There is no doubt that games like Dragon Warrior and Final Fantasy for the NES have defined the structure that turned-based role-playing games follow today.
And while hard-core gamers have accepted RPGs into their homes for more than a decade now, it took Final Fantasy VII 's extraordinary CG sequences, A-plus quality graphics, outstanding soundtrack, and a great advertising campaign for the genre to finally be accepted into the homes of casual gamers in the US.
To create a game of Final Fantasy VII's magnitude, Square gave it an overzealous budget exceeding $30 million--the largest budget ever for a game at the time. With this money, a team of more than 120 artists was formed to create a game with graphics that would be better than anything ever seen before and with CG sequences that would blow people away. With the help of the huge art team, along with Nobuo Uematsu's work in the music department, Square implemented the CG sequences and the gameplay in a fashion that no gamer had ever seen before. As Andrew Vestal reports in GameSpot's History of Final Fantasy, "Final Fantasy VII integrates the FMV scenes directly into the gameplay, creating a nonstop visual feast for the player. Interwoven with an excellent musical score of more than 100 tunes and a complex and mature plot, Final Fantasy VII may well be the first 'interactive movie' that's actually enjoyable to play."
While trying to take the presentation of RPGs to a whole new level, Square had to make sure that the storyline and the gameplay mechanics were set up in a way that both casual gamers and hard-core gamers would enjoy--and it did just that. With its several highs and lows, many consider the storyline found in Final Fantasy VII to be the most dramatic one ever found in a video game. And, along with its entertaining "Materia" gameplay system, Final Fantasy VII was a game that was destined to be enjoyed by the mass market.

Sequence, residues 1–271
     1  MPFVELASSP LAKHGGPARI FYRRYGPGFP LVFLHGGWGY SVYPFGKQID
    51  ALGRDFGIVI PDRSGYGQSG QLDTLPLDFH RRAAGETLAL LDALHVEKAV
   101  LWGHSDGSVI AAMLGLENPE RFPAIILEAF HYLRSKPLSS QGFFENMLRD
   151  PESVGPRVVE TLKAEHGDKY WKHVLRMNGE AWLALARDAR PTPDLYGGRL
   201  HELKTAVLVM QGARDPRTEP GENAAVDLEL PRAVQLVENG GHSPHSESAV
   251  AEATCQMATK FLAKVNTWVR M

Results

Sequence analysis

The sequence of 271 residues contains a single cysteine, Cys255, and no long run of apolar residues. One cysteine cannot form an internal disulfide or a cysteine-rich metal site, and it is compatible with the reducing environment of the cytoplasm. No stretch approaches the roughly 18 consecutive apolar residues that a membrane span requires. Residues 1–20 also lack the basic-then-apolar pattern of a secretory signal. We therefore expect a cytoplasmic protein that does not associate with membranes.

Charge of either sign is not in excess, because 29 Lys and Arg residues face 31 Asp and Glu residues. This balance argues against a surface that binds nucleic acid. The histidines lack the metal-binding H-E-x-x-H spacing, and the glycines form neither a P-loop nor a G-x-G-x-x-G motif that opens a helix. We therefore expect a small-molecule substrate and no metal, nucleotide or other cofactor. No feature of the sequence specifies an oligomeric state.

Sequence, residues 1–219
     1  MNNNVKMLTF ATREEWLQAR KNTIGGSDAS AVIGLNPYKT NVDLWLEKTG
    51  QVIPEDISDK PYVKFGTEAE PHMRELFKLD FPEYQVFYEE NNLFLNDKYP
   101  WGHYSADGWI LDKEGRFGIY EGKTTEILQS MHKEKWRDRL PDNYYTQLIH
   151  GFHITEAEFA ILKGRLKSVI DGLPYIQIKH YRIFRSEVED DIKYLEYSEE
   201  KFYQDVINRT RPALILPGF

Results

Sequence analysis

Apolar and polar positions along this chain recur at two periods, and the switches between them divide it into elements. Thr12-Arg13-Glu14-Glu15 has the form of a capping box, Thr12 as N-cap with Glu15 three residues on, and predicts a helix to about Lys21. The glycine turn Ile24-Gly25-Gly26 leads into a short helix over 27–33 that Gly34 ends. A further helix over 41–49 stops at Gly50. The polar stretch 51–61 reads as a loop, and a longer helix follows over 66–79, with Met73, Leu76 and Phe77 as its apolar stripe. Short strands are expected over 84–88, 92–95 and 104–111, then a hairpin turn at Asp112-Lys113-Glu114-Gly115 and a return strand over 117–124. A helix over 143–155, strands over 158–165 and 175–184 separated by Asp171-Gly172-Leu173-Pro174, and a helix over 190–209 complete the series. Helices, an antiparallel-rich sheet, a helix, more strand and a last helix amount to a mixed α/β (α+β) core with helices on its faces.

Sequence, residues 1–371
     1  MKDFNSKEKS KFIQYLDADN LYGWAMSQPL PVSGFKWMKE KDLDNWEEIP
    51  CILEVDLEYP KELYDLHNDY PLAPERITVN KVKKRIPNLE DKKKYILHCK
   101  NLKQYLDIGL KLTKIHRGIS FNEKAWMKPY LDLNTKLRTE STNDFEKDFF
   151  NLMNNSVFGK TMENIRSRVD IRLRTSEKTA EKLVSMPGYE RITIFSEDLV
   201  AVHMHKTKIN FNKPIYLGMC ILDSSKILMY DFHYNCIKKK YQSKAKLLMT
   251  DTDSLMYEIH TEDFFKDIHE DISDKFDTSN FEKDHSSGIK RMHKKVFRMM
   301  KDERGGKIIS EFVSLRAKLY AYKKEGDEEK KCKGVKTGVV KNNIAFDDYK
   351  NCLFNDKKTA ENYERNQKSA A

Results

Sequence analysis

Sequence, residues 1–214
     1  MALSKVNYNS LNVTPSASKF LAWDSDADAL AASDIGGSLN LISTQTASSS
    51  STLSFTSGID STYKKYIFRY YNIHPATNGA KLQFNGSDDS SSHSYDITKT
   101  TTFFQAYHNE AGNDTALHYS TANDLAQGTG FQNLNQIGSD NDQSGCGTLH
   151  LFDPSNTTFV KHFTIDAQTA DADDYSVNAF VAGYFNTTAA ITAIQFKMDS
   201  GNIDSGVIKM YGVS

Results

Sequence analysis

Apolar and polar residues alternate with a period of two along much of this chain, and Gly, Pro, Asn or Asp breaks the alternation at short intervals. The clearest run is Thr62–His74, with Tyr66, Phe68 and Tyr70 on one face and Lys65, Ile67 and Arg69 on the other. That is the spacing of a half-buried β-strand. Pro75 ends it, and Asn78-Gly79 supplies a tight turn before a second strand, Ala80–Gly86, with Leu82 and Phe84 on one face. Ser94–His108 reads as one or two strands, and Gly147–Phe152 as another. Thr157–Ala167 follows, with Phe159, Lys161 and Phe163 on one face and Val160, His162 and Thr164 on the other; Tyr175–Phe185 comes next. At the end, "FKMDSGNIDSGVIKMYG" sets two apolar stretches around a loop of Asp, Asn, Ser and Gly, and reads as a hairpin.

In the end, Final Fantasy VII did well because of the insane advertising campaign Sony put behind the game. As GameSpot's History of Final Fantasy states, "Final Fantasy VII proved what RPG fans had already known for years: Everyone would love RPGs if they'd just give them a chance!
Sony gave Final Fantasy VII more than a chance with the largest US marketing budget of any video game ever. Backed by an alluring print campaign and several beautiful (if slightly misleading) television spots, Final Fantasy VII has sold more than a million copies domestically. Polls have shown that the 'niche' RPG market now outranks fighting games and platformers in popularity amongst gamers. US gamers were once hard-pressed to find two role-playing titles in a year. Nowadays, as many as four RPGs can be released in a single month! While this new scenario brings with it new problems (lack of sleep and funds the most immediate), RPG lovers wouldn't have it any other way."
Final Fantasy VII made gaming history with its mass-market penetration. Because of it, publishers are bringing RPGs to the US in large numbers, allowing casual gamers here to finally get their hands on what hard-core RPGs fans have enjoyed for years.
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